Learning series pairs agronomy, grain marketing expertise for organic farmers

‘AgroEcology and the Economics of Organics’ is described as a course in knowledge-based consulting for business agronomists. Photo: Getty Images

New consulting firm supports shift toward regenerative agriculture

[Submitted] – Sustainable Grain, a boutique consulting firm helping clients leverage opportunities in the expanding organic and regenerative ag space, announced its first innovative learning series will launch February 11 and 12 in Winnipeg.

This premier educational event is the first of its kind discussing both how to produce healthy crops without chemicals, and strategies to get top dollar for them in the markets.

‘AgroEcology and the Economics of Organics’ will highlight the key principles of organic business development, agronomic strategies around transitioning land to organic production, and key steps for maximizing the long-term ROI of organic farming. The pathway to achieve success in organic farming is regenerative land management.

Most of today’s modern consumers want their food to be grown locally, and they want it to be nutritious and safe. – Brenda Tjaden

This course features Joel Williams of Integrated Soils, an independent plant and soil health educator and a healthy soils advocate. Joel will share his expertise on regenerative soil management, plant nutrition and integrated approaches of sustainable food production.

Sustainable Grain founder Brenda Tjaden said the course was developed in response to a wave of interest by new entrants into the organic and regenerative ag space, keen to leverage opportunities in this rapidly growing market. It features a panel of expert regenerative organic farms, and professional agronomists, farm management planners and financing agencies.

“Most of today’s modern consumers want their food to be grown locally, and they want it to be nutritious and safe. This is what’s driving continuous double-digit annual growth in purchases of food labels like certified organic and others,” said Tjaden. “The issues around fraud and miscommunication that make these label claims sometimes misleading to consumers are easily solved by identity-preserved logistics and track-and-trace systems.”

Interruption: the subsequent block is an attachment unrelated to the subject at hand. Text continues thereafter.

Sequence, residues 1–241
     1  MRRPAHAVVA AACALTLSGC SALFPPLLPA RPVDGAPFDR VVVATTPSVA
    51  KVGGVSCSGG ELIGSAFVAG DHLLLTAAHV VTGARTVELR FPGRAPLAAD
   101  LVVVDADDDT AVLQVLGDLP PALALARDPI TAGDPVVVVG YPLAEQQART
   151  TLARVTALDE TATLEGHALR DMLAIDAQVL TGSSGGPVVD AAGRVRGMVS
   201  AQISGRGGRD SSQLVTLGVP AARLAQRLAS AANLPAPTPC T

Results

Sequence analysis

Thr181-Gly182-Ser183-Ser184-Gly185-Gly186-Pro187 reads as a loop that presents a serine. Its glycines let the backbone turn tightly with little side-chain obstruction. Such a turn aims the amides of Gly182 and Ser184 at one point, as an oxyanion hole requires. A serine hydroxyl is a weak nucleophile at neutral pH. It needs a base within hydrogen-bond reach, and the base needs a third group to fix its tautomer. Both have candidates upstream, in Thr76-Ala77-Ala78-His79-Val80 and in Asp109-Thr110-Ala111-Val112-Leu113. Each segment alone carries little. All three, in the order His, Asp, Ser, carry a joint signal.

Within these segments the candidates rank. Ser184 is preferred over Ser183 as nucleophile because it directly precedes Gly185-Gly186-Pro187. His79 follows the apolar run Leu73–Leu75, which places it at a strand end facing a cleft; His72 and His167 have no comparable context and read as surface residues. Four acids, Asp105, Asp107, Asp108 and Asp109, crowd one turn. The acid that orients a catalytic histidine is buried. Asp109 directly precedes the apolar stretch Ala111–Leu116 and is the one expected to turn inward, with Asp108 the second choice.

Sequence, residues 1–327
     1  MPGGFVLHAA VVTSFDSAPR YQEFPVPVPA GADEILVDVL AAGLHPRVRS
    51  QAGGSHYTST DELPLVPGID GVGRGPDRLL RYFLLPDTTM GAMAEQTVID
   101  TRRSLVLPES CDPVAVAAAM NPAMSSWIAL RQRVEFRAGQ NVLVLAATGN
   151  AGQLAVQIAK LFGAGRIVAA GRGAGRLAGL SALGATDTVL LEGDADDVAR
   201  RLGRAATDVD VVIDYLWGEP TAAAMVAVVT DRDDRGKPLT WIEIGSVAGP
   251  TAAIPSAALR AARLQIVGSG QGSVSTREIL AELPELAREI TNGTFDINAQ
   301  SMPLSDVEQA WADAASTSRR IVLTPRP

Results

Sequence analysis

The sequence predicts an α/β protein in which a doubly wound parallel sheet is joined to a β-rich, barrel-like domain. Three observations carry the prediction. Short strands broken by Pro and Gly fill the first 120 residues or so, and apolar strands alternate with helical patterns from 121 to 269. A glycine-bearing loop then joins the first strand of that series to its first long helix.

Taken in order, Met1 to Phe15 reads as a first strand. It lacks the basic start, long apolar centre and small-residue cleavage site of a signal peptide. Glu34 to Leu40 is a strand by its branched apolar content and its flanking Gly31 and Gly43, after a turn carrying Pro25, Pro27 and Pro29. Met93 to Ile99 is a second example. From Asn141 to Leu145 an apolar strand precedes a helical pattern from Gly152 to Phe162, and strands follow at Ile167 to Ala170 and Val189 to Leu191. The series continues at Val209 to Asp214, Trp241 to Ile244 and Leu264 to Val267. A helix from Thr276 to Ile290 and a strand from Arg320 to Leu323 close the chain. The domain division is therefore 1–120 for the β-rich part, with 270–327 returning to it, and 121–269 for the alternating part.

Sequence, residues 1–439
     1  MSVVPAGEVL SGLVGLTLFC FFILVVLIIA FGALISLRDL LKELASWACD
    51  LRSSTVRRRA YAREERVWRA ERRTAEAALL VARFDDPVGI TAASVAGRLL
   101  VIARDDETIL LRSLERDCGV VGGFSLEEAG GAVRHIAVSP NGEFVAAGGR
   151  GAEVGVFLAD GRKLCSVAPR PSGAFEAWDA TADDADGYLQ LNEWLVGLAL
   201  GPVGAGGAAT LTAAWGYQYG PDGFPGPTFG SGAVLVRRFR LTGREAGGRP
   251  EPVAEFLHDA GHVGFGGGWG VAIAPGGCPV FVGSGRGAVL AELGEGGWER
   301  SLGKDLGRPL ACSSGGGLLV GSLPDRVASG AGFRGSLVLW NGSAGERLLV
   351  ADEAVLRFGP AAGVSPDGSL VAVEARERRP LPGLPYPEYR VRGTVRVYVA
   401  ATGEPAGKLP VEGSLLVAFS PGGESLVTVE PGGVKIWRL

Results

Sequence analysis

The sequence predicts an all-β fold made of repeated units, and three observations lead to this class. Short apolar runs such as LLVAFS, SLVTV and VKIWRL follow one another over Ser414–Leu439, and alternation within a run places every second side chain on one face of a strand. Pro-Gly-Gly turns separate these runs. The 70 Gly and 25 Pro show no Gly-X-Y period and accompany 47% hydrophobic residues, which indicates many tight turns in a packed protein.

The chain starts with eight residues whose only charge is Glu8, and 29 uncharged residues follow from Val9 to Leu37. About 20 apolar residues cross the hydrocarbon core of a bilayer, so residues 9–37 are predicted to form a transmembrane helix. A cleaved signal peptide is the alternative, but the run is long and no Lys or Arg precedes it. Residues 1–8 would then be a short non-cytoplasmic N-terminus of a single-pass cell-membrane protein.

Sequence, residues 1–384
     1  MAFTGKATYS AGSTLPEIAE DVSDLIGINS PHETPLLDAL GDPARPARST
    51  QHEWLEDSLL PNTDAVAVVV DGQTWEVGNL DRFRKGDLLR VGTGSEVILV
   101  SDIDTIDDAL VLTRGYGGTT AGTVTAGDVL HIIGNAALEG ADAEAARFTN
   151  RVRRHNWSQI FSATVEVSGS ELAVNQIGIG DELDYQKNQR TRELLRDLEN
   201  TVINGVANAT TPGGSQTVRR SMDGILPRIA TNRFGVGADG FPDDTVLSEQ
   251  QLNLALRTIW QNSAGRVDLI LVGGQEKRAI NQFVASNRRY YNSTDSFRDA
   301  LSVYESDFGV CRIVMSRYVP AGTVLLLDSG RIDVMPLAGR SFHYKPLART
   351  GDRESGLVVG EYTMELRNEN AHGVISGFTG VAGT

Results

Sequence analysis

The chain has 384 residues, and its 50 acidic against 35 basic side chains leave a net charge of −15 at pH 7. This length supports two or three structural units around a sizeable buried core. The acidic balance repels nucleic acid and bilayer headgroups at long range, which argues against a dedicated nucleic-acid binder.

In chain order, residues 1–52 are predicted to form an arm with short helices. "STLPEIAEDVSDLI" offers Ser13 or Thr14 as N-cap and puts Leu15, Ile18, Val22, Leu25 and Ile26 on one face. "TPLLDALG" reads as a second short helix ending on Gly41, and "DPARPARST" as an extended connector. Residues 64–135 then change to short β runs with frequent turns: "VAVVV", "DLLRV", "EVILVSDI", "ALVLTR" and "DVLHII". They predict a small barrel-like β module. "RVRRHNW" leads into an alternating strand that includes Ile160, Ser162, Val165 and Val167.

According to Tjaden, the need for objective information and marketing advice in this burgeoning space was the catalyst behind Sustainable Grain. “Some farmers are doing amazing things with their soil health, working hard to minimize tillage in organic systems, and overall finding a better way to grow food profitably without chemicals,” she said. “We want to help demonstrate this. As a company that cares about satisfying the market’s demands, we are working to create a supply of food crop ingredients that is legitimately more nutritious, safe and local. These are the values that cause food buyers to pay higher prices for certified organic foods.”

Tjaden said that new technology and an influx of new players has pushed down the cost of demonstrating the provenance of grain shipments to food companies and consumers. This opens up new opportunities for farmers, and lays the groundwork for Sustainable Grain’s new learning series, which will be an opportunity for open dialogue around the goals and tactics of creating a new supply of food ingredients that legitimately satisfies the values of modern consumers.

“Given all the media attention around herbicide tolerance, pesticide residues in grain shipments and consumer backlash against industrial agriculture, it’s high time we start talking to farmers about growing crops with less chemicals,” said Tjaden. “Our programs are geared toward sophisticated farms, innovative food companies, and business agronomists who want to understand the economic model needed to make this happen.”

The course will focus on improving soil health, which ultimately enables reducing input use, and how conventional farmers can transition parcels of land into organic without taking a hit to the bottom line. Participants will hear from managers of some of the top organic farms in Western Canada, as well as agronomy and business experts who specialize in transitioning conventional farmland into organic acres.

For more information, please call Brenda Tjaden at (204) 296-6265, and visit the Sustainable Grain website.